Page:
18. Xin Zhang

    November 13, 2019 at 11:02 am

    For Speaking, I also recommend this website: http://ielts-yasi.englishlab.net/. It has updated topics and very detailed instructions for different parts.

  19. Xin Zhang

    November 13, 2019 at 11:06 am

    I'll have a test in less than one month. Now, the average scores for Reading and Listening by taking past exam's questions are both Band 7.5. But, I just start to practice for Speaking and Writing, I still have so many hesitations and errors in Speaking. Do you have any idea for Speaking? Because IELTS Liz and IELTS Simon are enough for Reading and Writing, I'm only confused about Listening now. If you can give me some advice, I would appreciate a lot 🙂 BTW, my goal is Band 7 for the average score.

  20. Xin Zhang

    November 13, 2019 at 11:12 am

    For the Vocabulary book, it has two levels for intermediate: Pre-intermediate + intermediate and uper-intermediate. Which one is necessary?

  21. Xin Zhang

    November 13, 2019 at 11:16 am

    For speaking part, I would recommend ielts-yasi. That one updates topics quickly and has detailed instructions for each part 🙂

  22. Phuong Nguyen Pham Huynh

    November 13, 2019 at 2:01 pm

    Thanks for your video. It helps me has a good plan for the next IELTS exam.

  23. Rania AlLahham

    November 13, 2019 at 2:27 pm

    Thank you. It's really helpful 6 steps.

  24. C MK

    November 13, 2019 at 2:31 pm

    Thank you for this down to earth video!!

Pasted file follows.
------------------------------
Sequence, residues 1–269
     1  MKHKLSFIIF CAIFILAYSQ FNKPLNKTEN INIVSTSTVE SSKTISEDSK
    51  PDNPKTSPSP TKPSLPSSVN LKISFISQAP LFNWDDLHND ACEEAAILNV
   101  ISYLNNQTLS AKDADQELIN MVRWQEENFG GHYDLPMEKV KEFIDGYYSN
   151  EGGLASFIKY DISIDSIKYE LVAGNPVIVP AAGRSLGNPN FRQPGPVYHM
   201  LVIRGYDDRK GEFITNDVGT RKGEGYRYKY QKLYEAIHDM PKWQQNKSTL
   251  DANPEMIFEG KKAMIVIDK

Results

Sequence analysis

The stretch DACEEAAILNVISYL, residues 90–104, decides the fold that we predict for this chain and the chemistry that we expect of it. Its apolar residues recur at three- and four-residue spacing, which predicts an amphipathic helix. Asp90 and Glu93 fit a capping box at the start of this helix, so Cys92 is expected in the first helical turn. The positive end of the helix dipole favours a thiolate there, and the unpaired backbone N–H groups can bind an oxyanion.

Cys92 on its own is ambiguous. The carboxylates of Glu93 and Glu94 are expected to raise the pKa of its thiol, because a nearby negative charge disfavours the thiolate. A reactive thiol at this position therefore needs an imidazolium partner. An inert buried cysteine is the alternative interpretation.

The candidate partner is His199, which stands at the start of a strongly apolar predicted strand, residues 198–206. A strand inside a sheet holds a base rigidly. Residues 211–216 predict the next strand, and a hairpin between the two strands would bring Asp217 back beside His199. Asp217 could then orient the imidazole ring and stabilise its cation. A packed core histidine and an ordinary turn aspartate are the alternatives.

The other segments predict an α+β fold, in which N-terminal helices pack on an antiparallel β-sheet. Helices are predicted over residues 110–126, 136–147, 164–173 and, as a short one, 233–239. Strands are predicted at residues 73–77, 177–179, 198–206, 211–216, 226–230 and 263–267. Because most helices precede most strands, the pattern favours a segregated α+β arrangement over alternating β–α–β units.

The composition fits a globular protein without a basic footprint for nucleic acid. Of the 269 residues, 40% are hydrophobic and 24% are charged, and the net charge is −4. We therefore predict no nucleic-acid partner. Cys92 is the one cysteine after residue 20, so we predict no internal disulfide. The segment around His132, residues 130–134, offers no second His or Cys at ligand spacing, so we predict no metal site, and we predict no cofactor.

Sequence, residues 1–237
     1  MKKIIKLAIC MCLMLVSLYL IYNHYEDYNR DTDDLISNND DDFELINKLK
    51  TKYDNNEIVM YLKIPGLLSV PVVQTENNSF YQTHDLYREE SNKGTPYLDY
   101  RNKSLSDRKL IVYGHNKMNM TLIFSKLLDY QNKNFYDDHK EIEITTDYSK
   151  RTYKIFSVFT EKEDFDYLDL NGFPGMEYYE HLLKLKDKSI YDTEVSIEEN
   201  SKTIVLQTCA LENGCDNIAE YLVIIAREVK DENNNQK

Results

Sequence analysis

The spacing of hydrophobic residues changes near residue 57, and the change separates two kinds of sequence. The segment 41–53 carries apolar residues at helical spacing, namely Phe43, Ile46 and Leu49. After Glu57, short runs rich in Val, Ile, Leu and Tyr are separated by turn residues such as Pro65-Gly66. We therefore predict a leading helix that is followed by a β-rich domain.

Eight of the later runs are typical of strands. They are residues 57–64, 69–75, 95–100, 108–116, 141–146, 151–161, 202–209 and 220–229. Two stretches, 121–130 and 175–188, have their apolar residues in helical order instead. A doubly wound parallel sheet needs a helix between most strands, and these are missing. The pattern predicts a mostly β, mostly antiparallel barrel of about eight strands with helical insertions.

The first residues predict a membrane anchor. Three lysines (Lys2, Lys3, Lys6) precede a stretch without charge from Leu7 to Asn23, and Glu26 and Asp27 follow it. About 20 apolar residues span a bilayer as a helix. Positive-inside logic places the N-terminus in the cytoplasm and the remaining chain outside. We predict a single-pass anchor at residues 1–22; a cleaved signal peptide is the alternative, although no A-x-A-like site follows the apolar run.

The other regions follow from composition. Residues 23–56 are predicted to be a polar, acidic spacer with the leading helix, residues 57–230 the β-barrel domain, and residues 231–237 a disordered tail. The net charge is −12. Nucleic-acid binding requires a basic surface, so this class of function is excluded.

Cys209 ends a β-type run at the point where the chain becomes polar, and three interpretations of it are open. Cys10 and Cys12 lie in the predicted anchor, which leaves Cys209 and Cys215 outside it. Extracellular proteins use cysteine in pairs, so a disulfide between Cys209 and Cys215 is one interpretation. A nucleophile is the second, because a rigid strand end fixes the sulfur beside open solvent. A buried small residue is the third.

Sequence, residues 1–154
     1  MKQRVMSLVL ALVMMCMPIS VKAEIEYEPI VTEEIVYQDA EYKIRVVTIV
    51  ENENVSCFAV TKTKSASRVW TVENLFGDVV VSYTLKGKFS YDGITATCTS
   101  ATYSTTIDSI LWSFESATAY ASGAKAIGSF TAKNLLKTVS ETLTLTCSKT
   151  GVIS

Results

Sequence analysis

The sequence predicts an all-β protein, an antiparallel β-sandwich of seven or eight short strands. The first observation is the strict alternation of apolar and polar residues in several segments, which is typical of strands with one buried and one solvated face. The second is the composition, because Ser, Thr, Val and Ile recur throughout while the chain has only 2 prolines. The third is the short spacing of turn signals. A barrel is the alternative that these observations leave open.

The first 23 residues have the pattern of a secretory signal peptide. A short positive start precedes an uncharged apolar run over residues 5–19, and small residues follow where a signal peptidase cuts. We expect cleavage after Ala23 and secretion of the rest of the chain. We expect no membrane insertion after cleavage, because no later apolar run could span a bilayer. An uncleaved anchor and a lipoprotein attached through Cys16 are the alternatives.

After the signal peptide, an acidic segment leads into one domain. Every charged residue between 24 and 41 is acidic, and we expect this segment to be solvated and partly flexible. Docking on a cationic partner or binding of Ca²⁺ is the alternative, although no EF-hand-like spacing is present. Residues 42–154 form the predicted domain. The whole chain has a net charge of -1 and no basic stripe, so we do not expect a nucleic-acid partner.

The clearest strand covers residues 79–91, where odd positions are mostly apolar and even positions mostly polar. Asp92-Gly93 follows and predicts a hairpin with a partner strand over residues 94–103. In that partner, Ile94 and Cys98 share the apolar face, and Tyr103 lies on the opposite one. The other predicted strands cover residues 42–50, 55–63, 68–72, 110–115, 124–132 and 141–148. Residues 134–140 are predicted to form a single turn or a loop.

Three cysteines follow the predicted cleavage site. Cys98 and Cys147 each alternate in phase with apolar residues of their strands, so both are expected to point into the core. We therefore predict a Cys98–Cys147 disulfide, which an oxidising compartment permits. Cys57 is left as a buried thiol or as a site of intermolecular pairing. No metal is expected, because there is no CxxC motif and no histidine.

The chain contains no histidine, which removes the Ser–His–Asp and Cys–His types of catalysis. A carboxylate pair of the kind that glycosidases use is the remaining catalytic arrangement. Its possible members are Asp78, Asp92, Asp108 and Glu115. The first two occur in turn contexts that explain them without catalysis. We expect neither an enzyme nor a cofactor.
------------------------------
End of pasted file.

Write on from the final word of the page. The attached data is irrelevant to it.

The content of the video is bee's knees

  25. UMIDJON

    November 13, 2019 at 3:36 pm

    Thank you so much, that is awesome

  26. Mohamed Mifras

    November 13, 2019 at 5:36 pm

    1)I as well as my friends are playing.
    2)I as well as my friends am playing

    Is this sentence correct?
    If not could you correct this sentence for me?

    Which is correct?

  27. Oxford Online English

    November 13, 2019 at 7:29 pm

    Would you like to see free video lessons on other topics, too? Check our website! We might already have the video you are looking for: https://www.oxfordonlineenglish.com/free-english-lessons.

  28. ввв ддд

    November 14, 2019 at 12:27 am

    That feeling when you compare your perception of actually the video before watching a lot of stand up comedy performances and after it… It's really the best pronunciation among any sources of English )

  29. ввв ддд

    November 14, 2019 at 12:42 am

    Tip for learning new vocab. Find a video that makes you laugh or related to your interests, it can be motivation video if you don't feel confident about your language or whatever you like, translate it fully and write down new words, but only in a sentence, it helps memorize not only meaning but a way of using and even help comprehend the structure of the lang better. Then rewatch it a couple of times, then try to use the new vocabulary and maybe come back to the video after a while.)

  30. Mery G

    November 14, 2019 at 2:54 am

    Can u pls make a video about how to make interview for scholarship abroad🙏🙏

  31. Alexandr Padalka

    November 14, 2019 at 4:47 am

    🗽

  32. Cat's pet portugue classe Fernandes

    November 14, 2019 at 4:55 am

    Good classe! I'm from Brazil South America Sinop Mato Grosso Brazil